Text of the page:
right to edit submissions for length
and clarity. All letters must be received by 12 noon the day before
intended publication. Letters received after this point will be published in the following issue unless
there is an urgent time restriction
or other matter deemed relevant
bythe Ubyssey staff.
It is agreed by all persons placing display or classified advertisinc
that if the Ubyssey Publications Society fails to publish an advertisement
or if an error in the ad occurs the liability of the (IPS will not be greater
than the pr'^e paid for the ad. The
UPS shall not be responsible for
slight changes or typographical errors that do not lessen the value or
the impact of the ad
Our Campus
One on one with
the people who
make UBC
>1
DAVID ELOP^HE UBYSSEY
Police in riot equipment charge against the crowd at Georgia and Homer in the CBC plaza.
On stage or off, Nilson performs
Ginny Monaco
Culture Editor
By her own admission, Ingrid
Nilson doesn't get a lot of sleep.
Seems she doesn't need to. "I liang
upside down for one hour a night,"
slie joked.
Nilson is a full time student,
actress, voice actor, yoga instructor and co-president ofthe UBC
Player's Club. You may remember
her from such roles as Patti on
APTN's Renegadepress.com, her
guest spot on Supernatural last
year or from 2009's What Goes
Up, which she starred in alongside
Hilary Duff and Molly Shannon.
Nilson's schedule is a fine balance. She teaches yoga mostly at
night, leaving days free for classes
and auditions. "I ask myself sometimes," she said, "Do I have the
capacity to do all of these things,
to balance a busy school schedule with being a professional and
teaching yoga?
"And yes. Yes, I can."
Originally from Regina, Nilson
came to Vancouver in 2006 to find
work as a dancer. "There's quite
an arts community [in Regina],"
Correction
she said, "[But] I came out here to
pursue more opportunity. Not to
go to school.
"It's funny because everything
that's come to me in my life, I've
sort of resisted a little bit..[Acting]
was somethingthat I fell into. I
came out here to dance and I got
an agent right away. I didn't necessarily think that I wanted to be the
star at the top ofthe Christmas
tree. I just sort of came to it."
Nilson is currently in her last semester of a BA Honours in theatre.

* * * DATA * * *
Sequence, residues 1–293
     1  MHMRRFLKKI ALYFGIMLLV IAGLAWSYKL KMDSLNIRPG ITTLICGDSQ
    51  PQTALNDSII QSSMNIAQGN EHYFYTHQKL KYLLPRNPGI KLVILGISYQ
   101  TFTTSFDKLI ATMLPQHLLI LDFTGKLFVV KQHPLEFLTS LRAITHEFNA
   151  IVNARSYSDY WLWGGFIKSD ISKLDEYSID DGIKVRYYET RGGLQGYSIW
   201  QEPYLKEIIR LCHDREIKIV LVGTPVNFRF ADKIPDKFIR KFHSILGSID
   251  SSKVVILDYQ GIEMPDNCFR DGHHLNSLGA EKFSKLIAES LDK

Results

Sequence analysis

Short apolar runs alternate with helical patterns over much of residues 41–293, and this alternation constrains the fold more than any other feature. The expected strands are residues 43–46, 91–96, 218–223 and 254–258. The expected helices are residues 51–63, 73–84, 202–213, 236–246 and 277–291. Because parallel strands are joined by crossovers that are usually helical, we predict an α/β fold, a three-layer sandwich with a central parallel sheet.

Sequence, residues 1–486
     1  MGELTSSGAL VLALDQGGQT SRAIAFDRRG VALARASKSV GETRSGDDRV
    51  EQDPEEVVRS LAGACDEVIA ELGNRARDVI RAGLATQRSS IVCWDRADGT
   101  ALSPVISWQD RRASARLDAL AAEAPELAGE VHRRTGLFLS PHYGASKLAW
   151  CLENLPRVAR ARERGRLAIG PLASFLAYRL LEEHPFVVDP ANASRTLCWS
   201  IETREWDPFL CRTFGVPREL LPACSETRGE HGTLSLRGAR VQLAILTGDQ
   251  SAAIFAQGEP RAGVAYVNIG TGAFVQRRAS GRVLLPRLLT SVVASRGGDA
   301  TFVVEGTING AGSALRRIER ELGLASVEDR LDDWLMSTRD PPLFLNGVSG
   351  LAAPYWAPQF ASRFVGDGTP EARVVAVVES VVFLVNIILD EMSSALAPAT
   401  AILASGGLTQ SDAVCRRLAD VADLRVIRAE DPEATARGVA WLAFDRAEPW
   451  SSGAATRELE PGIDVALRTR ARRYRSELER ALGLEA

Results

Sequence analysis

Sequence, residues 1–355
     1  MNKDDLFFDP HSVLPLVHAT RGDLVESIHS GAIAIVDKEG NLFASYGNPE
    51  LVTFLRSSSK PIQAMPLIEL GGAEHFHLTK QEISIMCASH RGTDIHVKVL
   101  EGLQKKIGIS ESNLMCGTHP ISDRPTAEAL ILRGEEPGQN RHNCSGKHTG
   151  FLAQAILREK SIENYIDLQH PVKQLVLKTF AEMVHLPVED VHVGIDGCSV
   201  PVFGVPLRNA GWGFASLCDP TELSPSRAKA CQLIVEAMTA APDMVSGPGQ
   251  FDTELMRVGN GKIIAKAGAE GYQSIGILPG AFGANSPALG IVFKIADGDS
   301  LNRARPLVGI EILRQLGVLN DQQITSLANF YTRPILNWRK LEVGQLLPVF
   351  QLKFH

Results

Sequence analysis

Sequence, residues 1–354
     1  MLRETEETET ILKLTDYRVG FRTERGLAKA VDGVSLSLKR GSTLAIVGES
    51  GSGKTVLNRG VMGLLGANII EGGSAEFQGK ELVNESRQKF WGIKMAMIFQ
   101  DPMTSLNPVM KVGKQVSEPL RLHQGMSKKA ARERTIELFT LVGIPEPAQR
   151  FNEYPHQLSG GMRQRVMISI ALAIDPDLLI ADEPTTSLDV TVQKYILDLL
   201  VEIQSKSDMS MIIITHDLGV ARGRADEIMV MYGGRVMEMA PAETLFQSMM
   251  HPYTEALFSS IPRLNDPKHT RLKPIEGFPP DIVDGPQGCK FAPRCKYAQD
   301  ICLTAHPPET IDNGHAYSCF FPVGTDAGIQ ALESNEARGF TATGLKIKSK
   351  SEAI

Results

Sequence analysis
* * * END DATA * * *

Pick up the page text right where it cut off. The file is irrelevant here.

She plans to spend several months
in India after completing her degree, but will return to Vancouver
in time to produce the Player's
Club's spring production. Nilson
identifies with the openness ofthe
Player's Club. "I love that there's
theatre other than Theatre at UBC,
which is an audition-based acting
program and it's quite exclusive...
We want to give a lot of opportunity to people that wouldn't necessarily do theatre otherwise."
Though she said she'd like to do
more work in film, Nilson's first
love is theatre. She recently wrote
and starred in Yum/Yuck, her first
show for the Vancouver Fringe
Sudoku by Krazydad
Festival. "They say that the stage is
the workshop, the little petri dish
for actors," she said.
"In film, you don't get the
rehearsals. It's great to have the
background in theare to support
your acting. There's so much excitement when you're performing
live, but then there's the permanent, lasting quality of film. You
get so much more recognition.
"I'm sort of at the tip ofthe
iceberg for what I want to be doing." tH
On What Goes Up, the film she
did with Hilary Duff:
"It ended up being a B movie. I
don't know if I'd call it a flop."
On the horror movie she
turned down:
"I turned down a lead role in
a feature film. There's been two
roles that I turned down. One for
nudity when I was 15. And that
one. It was awful."
In the October 31. 2011 issue of The
Ubyssey. our front page headline
read "221.764." referring to the number of animals UBC did research on
in 2010.
In actuality. UBC only did research
on 211.764 animals, as was indicated in the actual article on Page 3.
However, we added 10.000 to the
front-page headline, and we sincerely
regret the error.
In addition, we put numbers over
the silhouettes of different animals
to indicate the amount of research
done on different categories of
animals-not the individual animals
themselves.
For example. UBC did not do research on 1.570 primates last year-
they conducted that many experiments on all large mammals.
Another example-UBC did not